2010-11-12 / Community

Memorial Ceremony For AA 587 Today

Ninth Anniversary Of Belle Harbor Plan Crash

A map of the crash scene provided to The Wave by the FDNY. A map of the crash scene provided to The Wave by the FDNY. Shortly after the Belle Harbor Airplane crash, the second most deadly in American history, the New York Fire Department added a history of the tragic crash to its website.

On Monday, November 12, 2001 an American Airlines Airbus A300 bound for the Dominican Republic crashed in the quiet residential neighborhood of Belle Harbor Queens shortly after take-off from John F. Kennedy International Airport. The plane, carrying over 260 passengers and crewmembers, crashed to the ground at 131st Street and Newport Avenue killing all aboard. The resulting flames and thick black smoke from the crash could be seen from miles away.

Box Number 1398, located at 127 Street and Newport Avenue was transmitted at 0917 hours EST. Within minutes first arriving Fire Department units transmitted a 10-60 “Major Emergency Response” followed shortly thereafter by a fifth-alarm assignment. In addition to the 60 units and 220 firefighters assigned to the fifth-alarm, hundreds of off-duty firefighters who live in the area responded to help in the rescue and recovery efforts.

Moments after the initial call was received, box 1441 was transmitted for a gas station located at 183 Beach 133 Street, a few blocks from the incident where one of the engines from the ill-fated flight had landed. Amazingly, no one was hurt on the ground as a result of the falling debris and this incident was brought under control at 1228 hours.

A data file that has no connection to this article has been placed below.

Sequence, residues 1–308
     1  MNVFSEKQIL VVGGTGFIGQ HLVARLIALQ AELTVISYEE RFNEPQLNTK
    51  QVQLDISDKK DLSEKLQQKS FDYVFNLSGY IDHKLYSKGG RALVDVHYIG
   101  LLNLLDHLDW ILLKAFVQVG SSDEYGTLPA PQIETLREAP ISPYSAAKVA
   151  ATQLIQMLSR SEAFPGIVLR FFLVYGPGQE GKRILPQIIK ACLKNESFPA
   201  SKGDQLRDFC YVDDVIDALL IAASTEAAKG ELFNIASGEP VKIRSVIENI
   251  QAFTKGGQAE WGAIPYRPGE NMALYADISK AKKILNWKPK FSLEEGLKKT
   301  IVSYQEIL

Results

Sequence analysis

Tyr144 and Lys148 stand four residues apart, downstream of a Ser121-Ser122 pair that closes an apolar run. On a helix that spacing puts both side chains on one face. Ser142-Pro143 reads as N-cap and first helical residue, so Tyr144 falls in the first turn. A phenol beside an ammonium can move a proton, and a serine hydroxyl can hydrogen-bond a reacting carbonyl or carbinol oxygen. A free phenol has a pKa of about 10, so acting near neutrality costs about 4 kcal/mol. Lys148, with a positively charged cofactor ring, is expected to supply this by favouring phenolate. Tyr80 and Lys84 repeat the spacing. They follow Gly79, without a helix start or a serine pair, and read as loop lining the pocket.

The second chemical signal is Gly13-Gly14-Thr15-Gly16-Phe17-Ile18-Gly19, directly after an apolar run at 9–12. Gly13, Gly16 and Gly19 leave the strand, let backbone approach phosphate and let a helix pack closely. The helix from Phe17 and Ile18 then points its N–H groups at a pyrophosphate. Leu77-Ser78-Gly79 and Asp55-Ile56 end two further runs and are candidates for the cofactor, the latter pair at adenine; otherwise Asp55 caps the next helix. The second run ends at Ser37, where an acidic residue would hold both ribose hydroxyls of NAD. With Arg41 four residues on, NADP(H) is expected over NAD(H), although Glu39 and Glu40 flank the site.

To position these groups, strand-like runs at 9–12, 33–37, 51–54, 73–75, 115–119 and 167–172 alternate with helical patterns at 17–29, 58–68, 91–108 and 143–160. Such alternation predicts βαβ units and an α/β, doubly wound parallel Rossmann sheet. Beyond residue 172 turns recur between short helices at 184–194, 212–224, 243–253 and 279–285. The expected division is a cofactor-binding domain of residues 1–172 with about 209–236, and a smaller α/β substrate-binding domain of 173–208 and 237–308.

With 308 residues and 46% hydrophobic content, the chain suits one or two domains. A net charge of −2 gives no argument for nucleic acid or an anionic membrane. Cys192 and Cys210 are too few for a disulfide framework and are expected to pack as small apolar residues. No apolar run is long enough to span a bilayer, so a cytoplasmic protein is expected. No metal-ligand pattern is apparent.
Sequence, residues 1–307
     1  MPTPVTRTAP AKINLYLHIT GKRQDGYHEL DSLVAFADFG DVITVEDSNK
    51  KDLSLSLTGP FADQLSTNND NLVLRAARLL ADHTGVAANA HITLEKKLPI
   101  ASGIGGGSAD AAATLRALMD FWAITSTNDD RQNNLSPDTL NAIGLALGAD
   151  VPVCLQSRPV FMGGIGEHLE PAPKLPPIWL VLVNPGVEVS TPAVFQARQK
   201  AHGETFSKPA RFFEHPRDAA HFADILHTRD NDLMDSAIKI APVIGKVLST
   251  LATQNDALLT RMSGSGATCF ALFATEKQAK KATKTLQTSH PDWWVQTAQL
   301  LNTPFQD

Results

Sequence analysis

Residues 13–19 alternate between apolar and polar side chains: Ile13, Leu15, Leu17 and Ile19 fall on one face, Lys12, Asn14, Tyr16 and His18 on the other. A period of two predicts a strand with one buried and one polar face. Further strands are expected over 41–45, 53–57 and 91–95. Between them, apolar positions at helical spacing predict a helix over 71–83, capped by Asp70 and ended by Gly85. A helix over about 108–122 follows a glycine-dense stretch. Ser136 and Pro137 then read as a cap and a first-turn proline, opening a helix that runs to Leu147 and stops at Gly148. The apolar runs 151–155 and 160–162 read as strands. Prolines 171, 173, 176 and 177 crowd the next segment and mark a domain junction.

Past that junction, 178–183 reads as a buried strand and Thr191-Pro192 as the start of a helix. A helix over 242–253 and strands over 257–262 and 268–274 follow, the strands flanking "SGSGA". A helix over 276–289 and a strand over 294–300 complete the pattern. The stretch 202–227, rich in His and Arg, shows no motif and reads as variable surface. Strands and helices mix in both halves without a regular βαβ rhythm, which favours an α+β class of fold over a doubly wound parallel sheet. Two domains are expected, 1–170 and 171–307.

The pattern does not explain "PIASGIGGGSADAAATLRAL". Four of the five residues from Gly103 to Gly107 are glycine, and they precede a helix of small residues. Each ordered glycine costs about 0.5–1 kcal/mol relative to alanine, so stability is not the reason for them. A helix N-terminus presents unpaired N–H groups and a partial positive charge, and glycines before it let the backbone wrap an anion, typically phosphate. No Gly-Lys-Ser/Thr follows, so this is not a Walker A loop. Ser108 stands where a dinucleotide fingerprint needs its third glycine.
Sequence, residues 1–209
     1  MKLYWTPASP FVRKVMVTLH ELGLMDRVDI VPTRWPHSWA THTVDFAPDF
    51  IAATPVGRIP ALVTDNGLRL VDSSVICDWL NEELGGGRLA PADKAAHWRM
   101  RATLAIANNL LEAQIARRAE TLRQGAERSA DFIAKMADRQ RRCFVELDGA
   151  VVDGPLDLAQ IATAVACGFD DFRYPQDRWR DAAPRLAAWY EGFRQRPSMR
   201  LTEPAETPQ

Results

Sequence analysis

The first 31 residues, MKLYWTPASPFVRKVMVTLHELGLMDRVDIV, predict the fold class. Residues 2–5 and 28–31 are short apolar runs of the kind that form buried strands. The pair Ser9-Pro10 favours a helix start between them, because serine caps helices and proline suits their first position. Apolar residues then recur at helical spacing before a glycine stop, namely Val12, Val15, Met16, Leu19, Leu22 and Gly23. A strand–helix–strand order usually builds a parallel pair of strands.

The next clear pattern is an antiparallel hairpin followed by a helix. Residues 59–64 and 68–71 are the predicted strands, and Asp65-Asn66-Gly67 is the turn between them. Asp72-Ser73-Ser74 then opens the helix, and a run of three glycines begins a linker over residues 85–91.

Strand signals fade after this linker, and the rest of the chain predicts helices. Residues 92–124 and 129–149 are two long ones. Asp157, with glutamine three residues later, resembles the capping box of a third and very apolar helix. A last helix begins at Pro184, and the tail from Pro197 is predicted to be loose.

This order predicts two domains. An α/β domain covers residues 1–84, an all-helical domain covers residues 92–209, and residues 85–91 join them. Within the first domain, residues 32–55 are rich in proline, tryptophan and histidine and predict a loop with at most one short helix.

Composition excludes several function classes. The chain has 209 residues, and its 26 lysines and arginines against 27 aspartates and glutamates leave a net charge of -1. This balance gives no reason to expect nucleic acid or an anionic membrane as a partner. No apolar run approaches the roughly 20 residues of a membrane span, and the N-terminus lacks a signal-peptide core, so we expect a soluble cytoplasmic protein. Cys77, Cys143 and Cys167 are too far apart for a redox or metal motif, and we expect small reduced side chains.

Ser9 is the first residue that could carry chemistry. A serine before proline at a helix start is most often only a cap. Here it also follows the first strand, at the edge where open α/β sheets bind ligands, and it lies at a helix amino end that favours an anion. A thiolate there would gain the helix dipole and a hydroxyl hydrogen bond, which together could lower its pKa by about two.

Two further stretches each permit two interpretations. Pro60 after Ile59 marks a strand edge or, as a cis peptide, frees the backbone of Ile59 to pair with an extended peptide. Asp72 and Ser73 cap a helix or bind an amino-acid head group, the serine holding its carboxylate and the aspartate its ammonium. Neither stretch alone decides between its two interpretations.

After the majority of flames were extinguished, firefighters, emergency medical workers and police officers, quickly sifted through the debris searching for victims. Porta-power, battery-powered Sawsalls and chain saws, along with picks, axes, pry bars, and shovels were used to search for and retrieve victims from the crash. The debris field, miraculously confined to a relatively small area for such a large aircraft, was picked through by hand in most cases to recover bodies. So far, 285 bodies have been removed and transported by ambulances to a temporary morgue set up at Floyd Bennett Field in nearby Brooklyn for identification. The plane destroyed four private dwellings and heavily damaged four others while 12 additional homes suffered minor damage. Six civilians who were thought to be in homes or on the ground and in the vicinity at the time of the crash are still unaccounted for. In addition to the victims, 25 emergency personnel and 7 civilians were transported to area hospitals. Another 28 firefighters and 2 civilians were treated on scene.

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A date that will never be

A date that will never be forgotten. it still hurts every time I walk my dogs pat that area every day. It feels like yesterday

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